Optical stylets, which incorporate flexible fibreoptic imaging elements in an intubation stylet, have become available in the last decade. More than 10 new optical stylet devices have been introduced since 1995, showing that combining viewing capability with the familiar handling of a stylet is an appealing concept. Liem and Coworkers provided a complete review on this topic (44), in which there is still an important lack of published papers support.
C-Trach represents a recent evolution of Intubating LMA designed by A. Brain in 1998. It provides the view of the glottic opening by adding to the classic ILMA an integrated video system with a built-in 3.5” display, a light source and a modified epiglottis elevator bar (TM). No studies are actually available, except for some abstracts (45), but promising development may come from this device, that, independently on the possibility of obtaining a good glottic view, intubation possibility and, over all, ventilation possibility are almost always granted. This may represent ai important help for emergency situations and out-of-operatory room setting or in unanticipated difficult intubation in which FOB is contraindicated.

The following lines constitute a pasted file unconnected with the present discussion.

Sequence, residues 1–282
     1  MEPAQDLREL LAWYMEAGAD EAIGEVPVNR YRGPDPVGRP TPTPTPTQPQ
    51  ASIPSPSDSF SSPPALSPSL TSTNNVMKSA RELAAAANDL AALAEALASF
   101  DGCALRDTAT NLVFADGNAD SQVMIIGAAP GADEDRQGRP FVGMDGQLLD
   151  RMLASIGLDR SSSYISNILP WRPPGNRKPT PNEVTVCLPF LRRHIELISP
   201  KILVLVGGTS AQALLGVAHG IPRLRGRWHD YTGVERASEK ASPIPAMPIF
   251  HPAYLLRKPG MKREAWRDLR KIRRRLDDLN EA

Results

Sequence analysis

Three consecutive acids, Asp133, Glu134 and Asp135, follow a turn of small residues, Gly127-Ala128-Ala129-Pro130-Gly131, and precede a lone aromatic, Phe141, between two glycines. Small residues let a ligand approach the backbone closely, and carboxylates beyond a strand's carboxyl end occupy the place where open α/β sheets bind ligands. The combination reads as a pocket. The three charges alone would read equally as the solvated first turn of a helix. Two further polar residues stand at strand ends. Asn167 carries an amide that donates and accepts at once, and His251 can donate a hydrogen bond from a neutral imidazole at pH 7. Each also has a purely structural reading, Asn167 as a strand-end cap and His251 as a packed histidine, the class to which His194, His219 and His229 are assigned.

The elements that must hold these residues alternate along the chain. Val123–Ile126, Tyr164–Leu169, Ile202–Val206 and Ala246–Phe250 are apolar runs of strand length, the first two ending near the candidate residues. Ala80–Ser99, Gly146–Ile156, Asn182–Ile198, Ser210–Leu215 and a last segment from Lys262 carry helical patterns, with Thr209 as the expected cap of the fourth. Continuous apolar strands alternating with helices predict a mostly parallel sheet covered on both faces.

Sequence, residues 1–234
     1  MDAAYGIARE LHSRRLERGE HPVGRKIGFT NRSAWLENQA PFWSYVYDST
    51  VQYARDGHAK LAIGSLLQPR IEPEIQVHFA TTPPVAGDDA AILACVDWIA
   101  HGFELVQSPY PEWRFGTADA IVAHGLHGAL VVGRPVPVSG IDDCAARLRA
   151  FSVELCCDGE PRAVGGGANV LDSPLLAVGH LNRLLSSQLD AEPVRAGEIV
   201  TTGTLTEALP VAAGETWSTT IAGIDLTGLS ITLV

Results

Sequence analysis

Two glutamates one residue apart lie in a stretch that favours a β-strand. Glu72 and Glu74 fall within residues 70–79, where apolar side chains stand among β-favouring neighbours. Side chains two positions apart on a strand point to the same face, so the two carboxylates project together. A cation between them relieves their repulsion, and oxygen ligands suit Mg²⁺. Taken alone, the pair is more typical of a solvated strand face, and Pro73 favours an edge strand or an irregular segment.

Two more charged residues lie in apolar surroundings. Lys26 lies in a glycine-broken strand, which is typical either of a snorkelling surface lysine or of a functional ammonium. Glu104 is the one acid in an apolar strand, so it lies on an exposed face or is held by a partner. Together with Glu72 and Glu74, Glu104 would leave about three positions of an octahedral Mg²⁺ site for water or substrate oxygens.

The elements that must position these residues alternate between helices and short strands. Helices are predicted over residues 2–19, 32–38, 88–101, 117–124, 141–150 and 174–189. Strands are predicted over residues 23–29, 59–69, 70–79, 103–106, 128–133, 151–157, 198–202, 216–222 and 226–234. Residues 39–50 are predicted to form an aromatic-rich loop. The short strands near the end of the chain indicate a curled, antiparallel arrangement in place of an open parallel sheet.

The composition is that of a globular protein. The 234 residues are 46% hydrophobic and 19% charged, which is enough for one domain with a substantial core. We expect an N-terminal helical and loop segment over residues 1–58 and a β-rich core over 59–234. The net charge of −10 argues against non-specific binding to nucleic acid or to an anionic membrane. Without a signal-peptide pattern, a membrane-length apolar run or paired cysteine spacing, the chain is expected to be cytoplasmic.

Continuous and rapid technologic development provides a larger number of devices for difficult airways management, with fascinating possibilities in terms of airways structures vision. Anaesthesia and Intensive Care is a field in which, often, only seeing is believing; anyway we must never forget that eyes see what mind knows.